Editor’s Notebook: The Foolhardy Fight against Freemium

The role and value of free listening to on-demand services has been under scrutiny for months. The main focus is Spotify, which uses the freemium model as both a stand-alone service, and to funnel users into paid subscriptions where enhanced features are unlocked. That strategy is controversial, at least reportedly in the context of Spotify’s label negotiations, where rights-owners dislike unpaid listening generally, especially when the on-demand features enable listeners to pick and choose what they hear.

Starting in December, 2013, when Spotify opened up its Spotify Free program to mobile devices, users have enjoyed a fair amount of interactivity outside of the subscription plan. They can call up an individual artist and listen to an auto-shuffled stream of the artist’s discography. They cannot download the music for offline listening, but in an increasingly always-connected world, the download loses meaning for some people.

Label logic says that users must pay for selective listening. That’s what CD’s, downloads, and online music subscriptions are for. It’s understandable that Spotify’s label partners would wish to minimize Spotify Free usage, and maximize Spotify Premium sign-ups.

Is there economic justification for label logic? In the RIAA’s report of the 2014 recorded music industry, three types of streaming revenue are broken out:

  • SoundExchange distributions to labels (Internet radio, the largest of which is Pandora): $773-million, +31%
  • Paid Subscription (e.g. Spotify Premium, Rhapsody, Deezer, Rdio, Beats Music): $799-million +29%
  • On-Demand Streaming (this is freemium, e.g. Spotify Free, Deezer’s free plan, Rdio’s free plan): $294-million +34%

riaa 2014 streaming revenue breakdownFreemium revenue (On-Demand Streaming) bring in substantially less revenue than Internet radio or music subscriptions. so the “label logic” is reasonable, seeking to upsell listeners out of that bucket to the premium plans. It’s worth noting that the marketplace is more seriously unbalanced than the financials indicate. Consumers are overwhelmingly voting against music subscriptions. Spotify has disclosed that 15-million of its 60-million monthly users are in the paid plan — 25% of the audience. If the whole subscription market reflects that balance, it is clear that consumers prefer unpaid listening in a landslide. Yet paid subscriptions still delivered more than twice the revenue of freemium in 2014.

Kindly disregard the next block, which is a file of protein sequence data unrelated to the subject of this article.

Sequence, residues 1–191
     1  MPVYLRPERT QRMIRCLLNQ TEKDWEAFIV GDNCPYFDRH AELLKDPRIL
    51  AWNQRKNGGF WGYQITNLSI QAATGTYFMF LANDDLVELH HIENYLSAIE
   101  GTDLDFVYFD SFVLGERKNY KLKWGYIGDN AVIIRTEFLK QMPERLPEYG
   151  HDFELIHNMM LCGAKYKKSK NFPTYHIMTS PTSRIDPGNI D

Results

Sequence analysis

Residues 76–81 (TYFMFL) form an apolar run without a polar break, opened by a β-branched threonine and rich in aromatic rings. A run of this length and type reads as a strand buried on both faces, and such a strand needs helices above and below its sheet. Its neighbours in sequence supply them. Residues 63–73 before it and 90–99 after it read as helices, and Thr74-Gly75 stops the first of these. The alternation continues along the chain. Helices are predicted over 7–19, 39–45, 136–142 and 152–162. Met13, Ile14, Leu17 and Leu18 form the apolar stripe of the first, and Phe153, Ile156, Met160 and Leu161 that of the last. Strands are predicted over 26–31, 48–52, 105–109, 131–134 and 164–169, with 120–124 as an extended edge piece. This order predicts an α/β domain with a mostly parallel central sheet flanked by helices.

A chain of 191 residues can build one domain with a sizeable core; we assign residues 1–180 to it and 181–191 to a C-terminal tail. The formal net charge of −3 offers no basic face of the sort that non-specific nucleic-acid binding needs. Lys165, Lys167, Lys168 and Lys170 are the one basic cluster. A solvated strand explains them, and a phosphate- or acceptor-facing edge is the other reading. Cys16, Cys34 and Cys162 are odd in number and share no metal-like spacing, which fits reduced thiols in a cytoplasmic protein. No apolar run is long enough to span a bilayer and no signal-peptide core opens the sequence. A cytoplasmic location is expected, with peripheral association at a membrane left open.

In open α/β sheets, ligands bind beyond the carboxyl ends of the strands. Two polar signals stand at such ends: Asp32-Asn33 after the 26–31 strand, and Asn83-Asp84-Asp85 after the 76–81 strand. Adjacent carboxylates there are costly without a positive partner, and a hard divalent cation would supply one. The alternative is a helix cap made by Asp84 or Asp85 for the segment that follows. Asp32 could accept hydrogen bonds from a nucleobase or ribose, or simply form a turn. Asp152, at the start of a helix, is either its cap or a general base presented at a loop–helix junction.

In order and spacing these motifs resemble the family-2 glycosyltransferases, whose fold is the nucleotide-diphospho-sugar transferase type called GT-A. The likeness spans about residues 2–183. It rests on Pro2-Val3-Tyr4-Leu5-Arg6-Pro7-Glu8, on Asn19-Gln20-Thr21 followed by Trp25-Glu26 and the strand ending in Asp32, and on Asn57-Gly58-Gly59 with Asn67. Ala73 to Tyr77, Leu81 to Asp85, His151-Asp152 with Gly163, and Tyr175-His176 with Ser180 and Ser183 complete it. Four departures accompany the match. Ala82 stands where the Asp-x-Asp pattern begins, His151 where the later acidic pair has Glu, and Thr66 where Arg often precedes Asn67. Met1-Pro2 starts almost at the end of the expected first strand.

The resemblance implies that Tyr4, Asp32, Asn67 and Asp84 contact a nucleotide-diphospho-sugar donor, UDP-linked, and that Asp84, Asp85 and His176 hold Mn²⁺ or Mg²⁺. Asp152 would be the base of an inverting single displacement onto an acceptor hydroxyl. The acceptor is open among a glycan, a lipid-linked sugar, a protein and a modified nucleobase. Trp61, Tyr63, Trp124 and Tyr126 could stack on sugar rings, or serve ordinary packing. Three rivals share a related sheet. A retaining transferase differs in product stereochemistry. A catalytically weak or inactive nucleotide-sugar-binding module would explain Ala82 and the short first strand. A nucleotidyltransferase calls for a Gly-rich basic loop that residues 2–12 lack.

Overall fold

So, “label logic” is justified to that extent. But there are other questions of logic.

At a glance, it might seem like Spotify’s 25% sign-up rate is anemic, and that the freemium funnel isn’t working well. But no other subscription service has claimed nearly as many subscribers. In fact, Spotify seems to be the champ at creating a new music-subscription market. when you consider that Spotify also offers the most interactive features of any freemium plan (that’s why it’s controversial, and a reported pivot point in label negotiations), logic seems to say that whatever Spotify is doing, works.

The last 15 years have demonstrated one thing: subscribing to an online music service remains a strange and unpopular concept, at least in the American market. Rhapsody was the first such service to launch here, in 2001, and today has about three-million users. rhapsody is pay-only, no freemium, just like Beats Music (soon to be relaunched by Apple). Music subscription was scorned in the U.S. until 2011, when Spotify crossed the ocean and gave the U.S. market its first free on-ramp to a celestial jukebox. Freemium doesn’t deliver all the pleasure or value of full subscription, but it does introduce enough of the experience to open eyes, change minds, and motivate payment. Many of my acquaintances, who gave me blank, implacable stares when I advocated Rhapsody, are now happy Spotify subscribers.

There’s another point, often forgotten in this discussion. Ad-supported freemium is a stand-alone business, not yet with the high margins of subscription service, but that is a maturation issue. While Pandora, which is really in a different legal and strategic category from Spotify (more about that in another article) is respected as a deeply resourced advertising company, Spotify is almost never acknowledged that way.

Yet quietly, Spotify has been staking ground in the streaming audio advertising market, developing geo-located audience segments, joining Triton Digital’s streaming ratings ranker, and marketing its inventory in Mediaocean, one of the top media advertising market platforms. With these moves Spotify competes against Pandora for advertiser share in the radio market, while the Premium plan competes with iTunes for purchasing share in the music market.

With all this, and considering that streaming music is buttressing the music industry against overall decline (see this), patience and persistence are needed to develop greater scale in all streaming models. Freemium works. Maybe it can be tweaked and optimized. But in a stubborn, resistant market, freemium has demonstrated its power to move people to consider new music-payment choices. At the same time, freemium is maturing as its own scalable business.


Brad Hill